confucianism-filial - Hoang 1 Duc Hoang Professor Sandra...

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Hoang 1 Duc Hoang Professor Sandra Lee IQS 125 26 May 2008 Confucianism and Filial Piety in Chinese culture Western people might wonder why once upon a time in China, choosing a wife or husband for one’s life was not his or her decision but their parents’, or one must mourn for their deceased parents at least three years. The answer is about the definition of morality. Different conceptions of morality have guided different cultures in different directions regarding a central question of human existence: Does morality require filial piety (or filial obligation) of children toward their parents? Confucianism, which remains influential in Chinese culture, answers an emphatic "yes", while Western culture's response is ambiguous, to say the least. Confucianism underlies the familial relationships in Chinese culture, specifically the values of filial piety, thus differing from Western culture. An understanding of Confucius, the concepts of Confucianism and their impacts on relationships and behaviors in Chinese familial life will be discussed followed by examples from specific case studies in Hong Kong and Taiwan. Confucianism's roots are traced to the teacher-prophet Kongzi whom we call Confucius. He lived in a corrupt society in Shandung, on the northeastern coast, during the sixth century B.C Although Confucius lived in the fifth and sixth centuries B.C. his teachings still form the basis for family values. Confucius is remembered as being both the first and the most renowned great Chinese philosopher. Confucius' family structure as a youth was more atypical than typical of what we might expect. Although he was the son of a magistrate in what is present day, Shandong, his father died when he was very young and he was raised by his mother in great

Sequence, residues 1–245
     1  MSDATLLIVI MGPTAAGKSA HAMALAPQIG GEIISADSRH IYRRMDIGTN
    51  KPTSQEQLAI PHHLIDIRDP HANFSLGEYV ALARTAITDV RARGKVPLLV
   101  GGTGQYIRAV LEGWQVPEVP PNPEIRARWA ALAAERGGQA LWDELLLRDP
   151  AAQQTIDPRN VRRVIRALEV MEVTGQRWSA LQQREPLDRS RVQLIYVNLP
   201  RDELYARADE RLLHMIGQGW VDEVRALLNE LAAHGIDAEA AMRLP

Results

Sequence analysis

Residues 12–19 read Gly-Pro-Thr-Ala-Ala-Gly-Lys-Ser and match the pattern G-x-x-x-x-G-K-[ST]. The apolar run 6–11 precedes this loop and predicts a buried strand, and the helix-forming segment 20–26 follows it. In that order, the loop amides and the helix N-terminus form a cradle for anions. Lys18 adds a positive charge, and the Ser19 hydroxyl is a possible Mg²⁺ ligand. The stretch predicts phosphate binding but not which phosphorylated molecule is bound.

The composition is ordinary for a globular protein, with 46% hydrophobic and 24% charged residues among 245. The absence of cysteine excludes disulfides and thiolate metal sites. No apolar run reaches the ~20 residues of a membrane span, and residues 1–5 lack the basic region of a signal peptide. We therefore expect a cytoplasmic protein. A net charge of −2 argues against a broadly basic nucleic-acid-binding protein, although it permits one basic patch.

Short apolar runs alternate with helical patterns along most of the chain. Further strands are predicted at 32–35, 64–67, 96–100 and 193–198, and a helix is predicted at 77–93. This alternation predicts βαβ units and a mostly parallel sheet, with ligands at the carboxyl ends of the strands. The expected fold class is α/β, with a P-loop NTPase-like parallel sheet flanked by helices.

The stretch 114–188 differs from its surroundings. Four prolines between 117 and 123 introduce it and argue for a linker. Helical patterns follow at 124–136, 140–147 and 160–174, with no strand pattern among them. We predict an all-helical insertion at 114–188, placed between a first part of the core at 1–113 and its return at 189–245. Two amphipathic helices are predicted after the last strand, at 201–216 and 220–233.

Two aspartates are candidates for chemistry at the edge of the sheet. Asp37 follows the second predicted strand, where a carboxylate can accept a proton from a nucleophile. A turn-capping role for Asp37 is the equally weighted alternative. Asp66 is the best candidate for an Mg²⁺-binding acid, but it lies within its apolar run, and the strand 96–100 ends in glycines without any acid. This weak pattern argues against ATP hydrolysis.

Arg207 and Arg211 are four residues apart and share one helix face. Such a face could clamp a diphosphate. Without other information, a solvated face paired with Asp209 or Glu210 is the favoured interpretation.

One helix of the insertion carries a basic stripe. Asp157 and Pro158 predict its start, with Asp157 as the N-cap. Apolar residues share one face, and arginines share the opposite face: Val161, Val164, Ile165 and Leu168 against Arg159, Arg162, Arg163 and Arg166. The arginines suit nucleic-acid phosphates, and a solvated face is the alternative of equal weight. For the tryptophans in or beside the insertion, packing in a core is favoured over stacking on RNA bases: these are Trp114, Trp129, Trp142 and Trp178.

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Hoang 2 poverty. After a brief stint as a government official during his younger years, he resigned from government duty to begin teaching. His teachings attracted many disciples. He reentered public office when invited to do so at the age of fifty to briefly serve as magistrate then be honored with assignment to the highest post in the state which could be obtained by a commoner such as himself. Even more important than his governmental duties, however, was the philosophical guidance he provided for almost all aspects of human affairs. According to Confucius, there were five basic concepts which lead mankind to living a good and productive life, while at the same time, enable him to make a positive contribution to his society. First, there is Jen, which is, quite literally, a combination the Chinese words for human being and the number two, with the implication being that emphasis must not be placed on a single individual, but on along with others in a relationship, whether it be familial, friendship or in the workplace. The principle of Jen has been described as goodness, or the highest of all moral virtues. The Eastern religious authority Huston Smith explained in The world's religions: our great wisdom traditions
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This note was uploaded on 03/10/2011 for the course IQS 125 taught by Professor Duc during the Spring '05 term at Linfield.

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confucianism-filial - Hoang 1 Duc Hoang Professor Sandra...

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